Televisualist: IT'S CHRISTMAS
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Televisualist: IT’S CHRISTMAS

Each week, Torontoist examines the upcoming TV listings and makes note of programs that are entertaining, informative, and of quality. Or, alternately, none of those. The result: Televisualist.

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One day this will all be holograms, and Christmas clones will usher us to bed with visions of sugar plums dancing in our Google Glasses.


It’s time for the annual viewing of A Christmas Story, which, unlike many holiday viewing traditions, remains entertaining and hasn’t grown worse with age. (Well, except for the waiters singing carols in the Chinese restaurant. That’s pretty tasteless now.) (City, 8 p.m.)

The Fairytale Castles of King Ludwig II with Dan Cruickshank is a fun docu-special about the Neuschwanstein and the other fabulous castles that King Ludwig II bankrupted his royal family to build (thus making him one of the most useful monarchs of all time). (TVO, 8 p.m.)


If you can’t wait for the World Junior Hockey Championships to begin, tonight you can watch a prep match between Team Canada (yay!) and Switzerland (BOO! NAZI GOLD HOARDERS!). (TSN, 7 p.m.)

In case you needed to remember all the ways that 2014 was really a terrible year, ABC brings you The Year: 2014. Come for the social injustice, stay for the environmental disasters (and don’t forget that we had another Transformers movie this past year). (9 p.m.)


Annual Christmas movie viewings abound! You can catch Scrooge, with Alastair Sim’s still-definitive Ebenezer (CBC, 8 p.m.); or maybe instead you’ll want to watch It’s a Wonderful Life, which is always a fine choice for holiday viewing (City, 8 p.m.); or maybe you’re in the mood for some tunes with White Christmas (CHCH, 8 p.m.); or maybe you’d like to see Scrooged (Spark, 8 p.m.).

Or, if Christmas classics are not your thing, maybe instead you’ll want to watch The 12 Dogs of Christmas, which is a Christmas movie set in a 1930s town that has banned dogs (boo!) and it is up to a spunky youngster to save the dogs (yay!) and utter many lines of dialogue, such as “I’m going to save the dogs” and “Gimme that dog!” while the baddies say things like “Dogs aren’t allowed!” and “Those dogs are mine!” Rest assured, these are all direct quotes. (YTV, 9 p.m.)


IT’S CHRISTMAAAAAAS so why are you still in bed when you can watch The Disney Parks Frozen Christmas Celebration, wherein all your beloved Disney intellectual properties parade to celebrate Christmas in Disney World? We bet you don’t have a good answer for that one! (CBC, 10 a.m.)

Rogers 10 has thankfully brought back the televised fireplace log if you don’t want to see Disney characters wavings at kids in Florida on Christmas morning. (10 a.m.)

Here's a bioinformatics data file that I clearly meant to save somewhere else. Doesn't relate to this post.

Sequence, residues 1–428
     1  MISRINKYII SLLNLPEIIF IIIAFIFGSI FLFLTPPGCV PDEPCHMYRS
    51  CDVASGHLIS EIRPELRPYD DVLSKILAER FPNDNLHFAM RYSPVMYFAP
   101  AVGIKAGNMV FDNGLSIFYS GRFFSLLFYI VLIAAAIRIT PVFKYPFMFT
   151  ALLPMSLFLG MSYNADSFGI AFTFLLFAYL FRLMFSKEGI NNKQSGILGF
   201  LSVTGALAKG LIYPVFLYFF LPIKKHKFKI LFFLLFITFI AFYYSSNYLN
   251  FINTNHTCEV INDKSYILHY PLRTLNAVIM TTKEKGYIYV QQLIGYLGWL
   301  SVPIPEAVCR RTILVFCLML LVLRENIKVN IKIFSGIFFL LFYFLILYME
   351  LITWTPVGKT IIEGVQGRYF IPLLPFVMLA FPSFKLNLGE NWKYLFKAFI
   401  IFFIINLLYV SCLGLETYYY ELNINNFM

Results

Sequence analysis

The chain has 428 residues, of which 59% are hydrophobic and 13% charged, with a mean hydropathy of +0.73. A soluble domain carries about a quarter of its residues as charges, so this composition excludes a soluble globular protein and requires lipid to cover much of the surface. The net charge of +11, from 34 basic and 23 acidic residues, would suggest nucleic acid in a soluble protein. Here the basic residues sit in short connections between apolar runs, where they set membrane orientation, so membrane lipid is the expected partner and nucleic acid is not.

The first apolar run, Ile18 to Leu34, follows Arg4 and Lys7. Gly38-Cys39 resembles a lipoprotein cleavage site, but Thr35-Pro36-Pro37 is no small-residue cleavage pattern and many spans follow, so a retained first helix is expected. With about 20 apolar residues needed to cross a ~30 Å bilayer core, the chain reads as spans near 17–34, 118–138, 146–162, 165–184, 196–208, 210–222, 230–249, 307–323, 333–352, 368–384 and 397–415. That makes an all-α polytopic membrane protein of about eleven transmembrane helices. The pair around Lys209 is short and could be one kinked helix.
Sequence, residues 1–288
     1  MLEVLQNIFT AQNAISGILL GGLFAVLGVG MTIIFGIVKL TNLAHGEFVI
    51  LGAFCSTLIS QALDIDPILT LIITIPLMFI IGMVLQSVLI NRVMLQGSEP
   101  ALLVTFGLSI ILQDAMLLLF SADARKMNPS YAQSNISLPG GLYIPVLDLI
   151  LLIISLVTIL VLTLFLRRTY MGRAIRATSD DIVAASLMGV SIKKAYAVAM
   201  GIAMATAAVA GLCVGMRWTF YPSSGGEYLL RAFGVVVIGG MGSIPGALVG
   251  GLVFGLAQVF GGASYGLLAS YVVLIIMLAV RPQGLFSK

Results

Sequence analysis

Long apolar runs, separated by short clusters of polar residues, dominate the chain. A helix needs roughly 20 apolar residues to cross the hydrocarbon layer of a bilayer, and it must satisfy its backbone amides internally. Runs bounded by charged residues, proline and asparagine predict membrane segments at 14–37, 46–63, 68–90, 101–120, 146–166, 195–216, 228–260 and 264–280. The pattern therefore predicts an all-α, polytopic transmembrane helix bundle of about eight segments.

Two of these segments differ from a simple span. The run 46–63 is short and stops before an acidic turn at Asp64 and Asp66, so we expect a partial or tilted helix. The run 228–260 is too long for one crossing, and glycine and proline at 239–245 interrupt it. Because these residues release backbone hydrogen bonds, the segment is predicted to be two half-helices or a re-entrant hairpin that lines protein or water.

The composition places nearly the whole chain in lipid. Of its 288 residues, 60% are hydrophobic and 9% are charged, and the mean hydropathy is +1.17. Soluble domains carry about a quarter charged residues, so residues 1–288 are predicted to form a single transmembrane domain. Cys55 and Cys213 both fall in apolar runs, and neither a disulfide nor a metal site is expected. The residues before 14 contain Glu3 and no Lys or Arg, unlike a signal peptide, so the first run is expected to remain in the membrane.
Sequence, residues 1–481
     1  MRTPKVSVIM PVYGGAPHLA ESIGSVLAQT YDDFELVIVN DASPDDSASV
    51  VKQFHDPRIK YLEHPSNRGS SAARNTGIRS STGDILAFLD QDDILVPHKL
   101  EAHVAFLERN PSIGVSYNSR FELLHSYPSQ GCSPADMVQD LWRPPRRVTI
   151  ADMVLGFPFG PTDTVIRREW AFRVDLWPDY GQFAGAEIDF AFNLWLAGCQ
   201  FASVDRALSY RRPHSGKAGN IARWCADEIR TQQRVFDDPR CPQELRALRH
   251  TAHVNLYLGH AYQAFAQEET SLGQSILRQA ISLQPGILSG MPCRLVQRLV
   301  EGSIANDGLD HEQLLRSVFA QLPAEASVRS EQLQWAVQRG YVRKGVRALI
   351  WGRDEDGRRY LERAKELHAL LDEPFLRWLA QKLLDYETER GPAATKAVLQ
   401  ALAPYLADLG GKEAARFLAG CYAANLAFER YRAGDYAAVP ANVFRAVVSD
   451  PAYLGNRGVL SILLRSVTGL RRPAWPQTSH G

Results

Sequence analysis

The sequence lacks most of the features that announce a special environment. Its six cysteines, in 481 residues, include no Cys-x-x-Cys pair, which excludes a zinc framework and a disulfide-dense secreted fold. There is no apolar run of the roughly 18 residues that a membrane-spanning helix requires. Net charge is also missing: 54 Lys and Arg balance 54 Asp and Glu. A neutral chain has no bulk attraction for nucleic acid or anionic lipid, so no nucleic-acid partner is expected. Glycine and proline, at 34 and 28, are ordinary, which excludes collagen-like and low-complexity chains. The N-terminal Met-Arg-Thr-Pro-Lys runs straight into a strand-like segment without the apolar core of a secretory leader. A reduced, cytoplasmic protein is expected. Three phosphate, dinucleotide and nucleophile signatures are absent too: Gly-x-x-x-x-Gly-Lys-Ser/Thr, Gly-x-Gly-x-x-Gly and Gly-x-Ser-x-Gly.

The Queen’s annual Christmas message is, in fact, still airing (eight whole minutes this year!), and this year it is pre-recorded. A lot of British gossipmongers are buzzing that perhaps Her Majesty plans to abdicate the throne, but to that we say: firstly, the Queen wouldn’t be so silly as to pre-record her own abdication message as it might get leaked, and secondly, the Queen is 88 years old, and maybe she just wants to sleep in on Christmas morning. Also, we doubt the Queen wants Camilla Parker-Bowles to become Queen, on account of Ms. Parker-Bowles being a dirty commoner. (CBC, noon)

TSN airs Christmas Day basketball all day, as it is a fine sporting tradition now: first you can watch the Washington Wizards beat the hell out of the hapless New York Knicks (noon), then watch the defending champion San Antonio Spurs take on the hungry and tough Oklahoma City Thunder (2:30 p.m.), then watch LeBron James go up against his former championship team as the Cleveland Cavaliers visit the Miami Heat (5 p.m.), then witness Kobe Bryant and the L.A. Lakers most likely get destroyed by the Chicago Bulls (8 p.m.), and finally the Golden State Warriors and the L.A. Clippers, two of the best teams in the league who not coincidentally hate each other, finish off the day (10:30 p.m.). And if you’re wondering where the Raptors are playing, the answer is “against other teams who are not important enough in the United States to merit Christmas Day games.”

At some point Love Actually became a holiday tradition, as did debating the merits of Love Actually (we come down on the pro side of the debate, but you can assemble your family and have a healthy argument about whether it is a good movie or a devil movie—hey, it beats talking politics). (W, 9 p.m.)

And of course, there is always the annual Doctor Who Christmas special, which this year features the Doctor teaming up with Santa Claus. Really. (Space, 9 p.m.)


In the post-Christmas haze, you can enjoy the 2014 Royal Variety Performance, wherein Bette Midler, Shirley Bassey, Ellie Goulding, One Direction, and many, many others perform for Wills and Kate, as commoners do for the royals in England. (CBC, 8 p.m.)

The Weekend

Spark airs Despicable Me, which is Perfectly Decent Sitting-Down-to-Watch-a-Movie Post-Christmas fare. (Sunday, 8 p.m.)